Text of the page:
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DALLAS — Zane State College in Ohio has received the annual Leah Meyer Austin Institutional Student Success Leadership Award for its work on improving developmental education, retention rates and the college-readiness of its students.
The college’s Achieving the Dream strategies have changed its culture and raised the prospects of residents in the rural Appalachian communities that it serves. Seventy-six percent of Zane State’s entering students need at least one developmental course; 87 percent of students receive financial aid.
Changes in institutional culture helps community discuss race, poverty“Zane State College’s resolute commitment to student success and completion has set them apart as an impressive example of what is possible at community colleges all across the country,” William Trueheart, president and CEO of Achieving the Dream, said in a statement. The award—which includes a $25,000 prize that ZSC may use for purpose to improve student success—was presented on Tuesday at the annual Achieving the Dream conference.
Trueheart noted the college’s strong leadership, broad institutional engagement, breadth of successful programs, and the pervasive impact of its programs on the community.
“Zane State is showing the nation that high-level commitment and well-focused, evidence-based decision-making can lead to substantial improvements in student success and completion,” he said.
Zane State President Paul Brown said the Achieving the Dream model has served as an invaluable guide to increase retention rates and close achievement gaps at the college, and overall improve the lives of its students.
“Using data to inform our program implementation and decision making processes, ever mindful of our core values of respect, responsiveness, and responsibility, has changed the way we do business,” Brown said.
Improving student support
Zane State designed and implemented several innovative programs that bolstered at-risk student support systems. Those efforts have yielded impressive results. For example, the average success rate across all developmental courses at Zane State is 78 percent.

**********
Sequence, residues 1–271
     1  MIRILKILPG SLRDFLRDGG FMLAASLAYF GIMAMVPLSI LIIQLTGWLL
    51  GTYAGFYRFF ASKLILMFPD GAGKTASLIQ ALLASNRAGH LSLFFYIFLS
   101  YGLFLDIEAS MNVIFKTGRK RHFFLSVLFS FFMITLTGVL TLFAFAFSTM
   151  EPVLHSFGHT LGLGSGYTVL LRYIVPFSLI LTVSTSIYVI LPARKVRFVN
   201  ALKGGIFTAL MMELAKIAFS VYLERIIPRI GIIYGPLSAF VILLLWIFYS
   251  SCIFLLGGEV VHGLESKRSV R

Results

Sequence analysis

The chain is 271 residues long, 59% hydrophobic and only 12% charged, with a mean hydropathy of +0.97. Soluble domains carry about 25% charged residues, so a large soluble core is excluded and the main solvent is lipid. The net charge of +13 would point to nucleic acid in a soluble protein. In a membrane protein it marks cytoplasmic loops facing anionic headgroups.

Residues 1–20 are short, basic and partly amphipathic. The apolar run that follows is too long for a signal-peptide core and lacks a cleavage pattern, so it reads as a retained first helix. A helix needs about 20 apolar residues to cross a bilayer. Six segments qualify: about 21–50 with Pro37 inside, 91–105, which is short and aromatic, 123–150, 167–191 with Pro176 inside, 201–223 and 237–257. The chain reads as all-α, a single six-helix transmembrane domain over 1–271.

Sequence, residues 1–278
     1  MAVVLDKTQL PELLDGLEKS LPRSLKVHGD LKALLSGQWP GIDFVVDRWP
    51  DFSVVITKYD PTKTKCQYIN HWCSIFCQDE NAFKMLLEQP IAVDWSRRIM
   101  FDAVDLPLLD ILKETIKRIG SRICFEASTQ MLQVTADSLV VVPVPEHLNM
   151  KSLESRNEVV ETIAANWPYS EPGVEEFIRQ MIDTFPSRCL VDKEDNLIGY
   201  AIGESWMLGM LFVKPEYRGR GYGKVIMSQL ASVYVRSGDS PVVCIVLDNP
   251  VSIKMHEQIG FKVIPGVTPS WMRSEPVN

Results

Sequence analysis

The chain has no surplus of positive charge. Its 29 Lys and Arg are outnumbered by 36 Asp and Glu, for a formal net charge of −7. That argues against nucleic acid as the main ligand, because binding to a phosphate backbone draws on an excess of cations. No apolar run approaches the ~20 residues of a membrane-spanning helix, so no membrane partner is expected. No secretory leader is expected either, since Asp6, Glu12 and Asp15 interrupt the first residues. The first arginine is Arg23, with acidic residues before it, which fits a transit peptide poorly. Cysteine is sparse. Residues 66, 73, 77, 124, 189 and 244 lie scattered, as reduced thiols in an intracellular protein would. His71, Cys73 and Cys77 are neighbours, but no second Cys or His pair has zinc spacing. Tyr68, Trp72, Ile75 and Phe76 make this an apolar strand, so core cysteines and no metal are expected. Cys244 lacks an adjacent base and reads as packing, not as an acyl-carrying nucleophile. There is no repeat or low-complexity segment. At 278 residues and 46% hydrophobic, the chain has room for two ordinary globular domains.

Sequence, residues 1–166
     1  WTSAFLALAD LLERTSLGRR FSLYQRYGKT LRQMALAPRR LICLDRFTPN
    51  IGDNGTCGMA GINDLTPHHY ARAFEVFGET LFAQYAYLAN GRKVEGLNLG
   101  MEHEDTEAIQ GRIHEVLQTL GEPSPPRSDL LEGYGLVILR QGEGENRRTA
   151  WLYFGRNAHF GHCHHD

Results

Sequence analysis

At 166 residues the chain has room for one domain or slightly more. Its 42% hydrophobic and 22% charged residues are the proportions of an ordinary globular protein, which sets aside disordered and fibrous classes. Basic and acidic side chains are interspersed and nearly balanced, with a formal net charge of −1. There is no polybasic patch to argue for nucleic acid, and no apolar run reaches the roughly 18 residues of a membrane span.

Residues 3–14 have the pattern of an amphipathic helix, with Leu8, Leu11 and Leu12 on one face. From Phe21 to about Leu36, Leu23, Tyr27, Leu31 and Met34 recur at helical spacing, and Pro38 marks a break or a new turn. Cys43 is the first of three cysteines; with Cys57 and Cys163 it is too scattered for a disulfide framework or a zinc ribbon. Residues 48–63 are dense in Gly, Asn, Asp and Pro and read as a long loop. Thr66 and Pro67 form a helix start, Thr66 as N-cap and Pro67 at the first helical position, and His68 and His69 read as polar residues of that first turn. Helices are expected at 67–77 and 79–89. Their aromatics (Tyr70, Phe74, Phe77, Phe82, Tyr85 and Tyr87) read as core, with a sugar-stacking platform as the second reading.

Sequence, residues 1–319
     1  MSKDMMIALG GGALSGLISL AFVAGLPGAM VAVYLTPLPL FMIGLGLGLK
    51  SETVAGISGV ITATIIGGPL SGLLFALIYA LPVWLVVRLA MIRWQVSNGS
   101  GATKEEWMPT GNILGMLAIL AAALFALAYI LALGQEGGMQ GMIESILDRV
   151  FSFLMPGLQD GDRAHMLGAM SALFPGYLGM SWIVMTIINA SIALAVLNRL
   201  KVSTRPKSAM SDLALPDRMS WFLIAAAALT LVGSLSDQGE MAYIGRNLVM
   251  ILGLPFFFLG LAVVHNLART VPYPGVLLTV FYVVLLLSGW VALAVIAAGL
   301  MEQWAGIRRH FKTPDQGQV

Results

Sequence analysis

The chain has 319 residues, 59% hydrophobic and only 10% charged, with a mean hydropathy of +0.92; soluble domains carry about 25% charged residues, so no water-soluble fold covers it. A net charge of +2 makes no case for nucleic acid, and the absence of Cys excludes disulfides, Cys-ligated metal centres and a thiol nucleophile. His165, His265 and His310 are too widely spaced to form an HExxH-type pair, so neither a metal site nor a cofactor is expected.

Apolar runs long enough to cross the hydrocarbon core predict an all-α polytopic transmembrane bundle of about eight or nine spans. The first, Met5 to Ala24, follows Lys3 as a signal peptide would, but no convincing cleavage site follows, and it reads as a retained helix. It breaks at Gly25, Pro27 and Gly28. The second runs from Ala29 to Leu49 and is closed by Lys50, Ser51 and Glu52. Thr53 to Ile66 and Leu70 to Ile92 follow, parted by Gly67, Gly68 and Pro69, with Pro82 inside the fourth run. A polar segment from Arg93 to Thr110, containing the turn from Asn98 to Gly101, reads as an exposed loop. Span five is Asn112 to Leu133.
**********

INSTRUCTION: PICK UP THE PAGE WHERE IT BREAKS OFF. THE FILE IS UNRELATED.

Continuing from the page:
After the college’s success with its Math Advising Initiative—a program that encourages students to take developmental math in their first quarter in college and provides dedicated math advising for at-risk students—Zane State expanded the program to include all developmental education students. As a result, first year completion of developmental math increased by 21 percentage points, developmental English by 24 percentage points, and developmental reading by 13 percentage points.
Developmental education students are also closing the gap between them and college-ready students in gatekeeper courses. Since 2009, three out of four students are succeeding in college-level gatekeeper courses irrespective of their initial placement status, according to the college. The increases occurred during a period of unprecedented enrollment growth, with a disproportionately high number of students who needed developmental education.
In addition, Zane State has partnered with several Ohio colleges to start innovative programs focused on increasing retention. Among the programs was QuickStart, a free, eight-week program for students unsure about their ability to enter college successfully and those who try to register late without applying for federal student aid. In addition, the college has implemented other programs, including conditional admission, learning communities, and pre-enrollment computer training.
Zane State also is investing in professional development for its employees to foster a broader understanding about the college’s “personal touch” philosophy, its access mission, and the students’ general backgrounds, which can affect their learning.
The Leah Meyer Austin Award is sponsored by the Lumina Foundation and administered by the American Association of Community Colleges.
Copyright ©2012 American Association of Community Colleges